Flagstaff, AZ – Earth Notes: Valles Caldera Climate Study
As concerns mount about the world's and the region's climate, scientists have found a time machine in New Mexico that helps them better understand the past.
At the Valles Caldera National Preserve west of Los Alamos, researchers from Northern Arizona University and other institutions have been studying sediments laid down long ago in a now-dry lakebed. They have extracted a plug of materials from as deep as 260 feet underground.
Close examination of these chemical, plant, and pollen remains provides a detailed record of what the area was like between 360,000 and 550,000 years ago. This regional picture of ancient climates is a rarity, since most cores studied for such purposes have come from beneath the ocean or Antarctica.
The researchers found that the climate of the Valles Caldera region shifted dramatically in the past. Some periods show evidence that the summer monsoon failed for many hundreds of years at a stretch, leading to what the team calls "mega-droughts" lasting for centuries. During these periods even drought-tolerant grasses decreased dramatically.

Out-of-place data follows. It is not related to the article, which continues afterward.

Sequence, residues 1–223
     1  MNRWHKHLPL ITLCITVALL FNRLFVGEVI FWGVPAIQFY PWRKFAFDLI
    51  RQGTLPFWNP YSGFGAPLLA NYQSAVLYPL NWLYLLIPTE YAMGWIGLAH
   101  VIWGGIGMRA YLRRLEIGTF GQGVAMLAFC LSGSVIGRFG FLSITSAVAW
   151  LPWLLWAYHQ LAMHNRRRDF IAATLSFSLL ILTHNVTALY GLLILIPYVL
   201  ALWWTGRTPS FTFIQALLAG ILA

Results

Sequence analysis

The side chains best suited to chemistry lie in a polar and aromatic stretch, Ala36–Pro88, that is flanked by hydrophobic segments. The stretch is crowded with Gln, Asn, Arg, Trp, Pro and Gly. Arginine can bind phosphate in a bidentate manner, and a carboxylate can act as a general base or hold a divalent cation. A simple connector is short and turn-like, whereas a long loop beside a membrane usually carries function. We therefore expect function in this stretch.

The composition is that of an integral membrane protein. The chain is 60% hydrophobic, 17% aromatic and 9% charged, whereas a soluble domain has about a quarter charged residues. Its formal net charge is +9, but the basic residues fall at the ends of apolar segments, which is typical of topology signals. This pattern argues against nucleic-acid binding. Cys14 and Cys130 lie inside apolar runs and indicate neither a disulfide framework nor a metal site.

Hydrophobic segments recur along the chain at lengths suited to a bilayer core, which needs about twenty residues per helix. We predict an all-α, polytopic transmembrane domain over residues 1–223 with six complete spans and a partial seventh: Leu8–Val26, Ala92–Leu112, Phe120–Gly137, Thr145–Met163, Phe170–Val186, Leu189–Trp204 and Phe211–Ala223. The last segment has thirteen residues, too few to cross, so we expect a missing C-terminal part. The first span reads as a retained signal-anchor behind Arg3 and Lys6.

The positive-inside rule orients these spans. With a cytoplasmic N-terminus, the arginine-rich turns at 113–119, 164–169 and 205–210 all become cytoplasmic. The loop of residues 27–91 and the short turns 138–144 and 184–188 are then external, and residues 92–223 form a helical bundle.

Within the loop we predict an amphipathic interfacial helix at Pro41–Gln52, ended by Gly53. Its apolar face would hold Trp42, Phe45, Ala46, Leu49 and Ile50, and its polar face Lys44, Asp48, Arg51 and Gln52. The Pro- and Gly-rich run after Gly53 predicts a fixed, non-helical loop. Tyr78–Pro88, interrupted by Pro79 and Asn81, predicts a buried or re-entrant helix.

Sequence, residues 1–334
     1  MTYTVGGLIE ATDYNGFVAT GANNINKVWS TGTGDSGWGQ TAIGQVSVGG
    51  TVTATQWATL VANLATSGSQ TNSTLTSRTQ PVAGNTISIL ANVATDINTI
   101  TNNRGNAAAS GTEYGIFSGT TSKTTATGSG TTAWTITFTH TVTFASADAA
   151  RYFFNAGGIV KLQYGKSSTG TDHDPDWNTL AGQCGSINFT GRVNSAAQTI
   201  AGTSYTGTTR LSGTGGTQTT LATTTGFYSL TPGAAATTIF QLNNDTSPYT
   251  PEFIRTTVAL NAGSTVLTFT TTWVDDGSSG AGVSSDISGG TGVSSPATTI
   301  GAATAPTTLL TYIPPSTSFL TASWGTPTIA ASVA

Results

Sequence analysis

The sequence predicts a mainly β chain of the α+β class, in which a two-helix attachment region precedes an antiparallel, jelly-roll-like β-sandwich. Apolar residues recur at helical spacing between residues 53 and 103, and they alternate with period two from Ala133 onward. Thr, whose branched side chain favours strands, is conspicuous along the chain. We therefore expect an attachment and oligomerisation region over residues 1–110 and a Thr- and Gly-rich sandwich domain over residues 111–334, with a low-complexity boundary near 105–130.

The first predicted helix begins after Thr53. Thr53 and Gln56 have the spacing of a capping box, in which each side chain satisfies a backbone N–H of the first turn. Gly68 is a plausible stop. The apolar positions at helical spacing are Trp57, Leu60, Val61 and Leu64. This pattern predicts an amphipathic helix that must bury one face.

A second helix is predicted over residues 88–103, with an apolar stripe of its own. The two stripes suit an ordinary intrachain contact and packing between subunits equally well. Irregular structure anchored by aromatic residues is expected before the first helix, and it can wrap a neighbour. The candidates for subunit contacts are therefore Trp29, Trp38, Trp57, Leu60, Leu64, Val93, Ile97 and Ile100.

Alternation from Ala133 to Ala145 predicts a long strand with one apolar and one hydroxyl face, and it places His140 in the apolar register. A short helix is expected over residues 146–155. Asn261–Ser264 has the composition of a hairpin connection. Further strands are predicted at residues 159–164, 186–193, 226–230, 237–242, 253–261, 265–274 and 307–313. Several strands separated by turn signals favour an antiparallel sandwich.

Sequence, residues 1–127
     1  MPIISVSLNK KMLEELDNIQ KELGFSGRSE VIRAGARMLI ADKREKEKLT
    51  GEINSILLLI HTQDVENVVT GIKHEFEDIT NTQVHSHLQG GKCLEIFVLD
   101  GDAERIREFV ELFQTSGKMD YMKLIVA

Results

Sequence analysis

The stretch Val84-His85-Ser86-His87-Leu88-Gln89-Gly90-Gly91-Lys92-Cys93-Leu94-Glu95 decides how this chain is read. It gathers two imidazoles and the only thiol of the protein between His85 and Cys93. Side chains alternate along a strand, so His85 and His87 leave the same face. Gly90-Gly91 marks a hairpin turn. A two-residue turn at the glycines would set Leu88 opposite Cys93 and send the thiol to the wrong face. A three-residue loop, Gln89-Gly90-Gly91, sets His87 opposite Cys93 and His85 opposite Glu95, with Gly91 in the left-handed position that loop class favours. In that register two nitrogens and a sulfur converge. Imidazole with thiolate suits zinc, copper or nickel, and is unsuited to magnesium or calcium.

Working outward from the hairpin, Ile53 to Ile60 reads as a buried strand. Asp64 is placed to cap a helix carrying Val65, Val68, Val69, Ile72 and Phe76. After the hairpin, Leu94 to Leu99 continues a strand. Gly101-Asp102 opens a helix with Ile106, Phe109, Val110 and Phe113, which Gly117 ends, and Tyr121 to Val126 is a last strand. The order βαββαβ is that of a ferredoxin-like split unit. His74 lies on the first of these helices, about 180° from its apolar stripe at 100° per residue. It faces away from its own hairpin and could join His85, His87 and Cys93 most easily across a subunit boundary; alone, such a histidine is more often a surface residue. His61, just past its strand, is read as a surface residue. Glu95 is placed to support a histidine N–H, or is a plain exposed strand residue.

The sediment core shows regular shifts between such warm, dry conditions and cool, wet conditions that prevailed during ice ages as glaciers moved south. It suggests that overall temperatures, and the strength of the summer monsoon, may be a critical factor in determining what vegetation dominates the area.
And the researchers say that today's higher global temperatures may be leading to similar conditions including long-term drought that would alter not only plant communities, but also how people live in the area.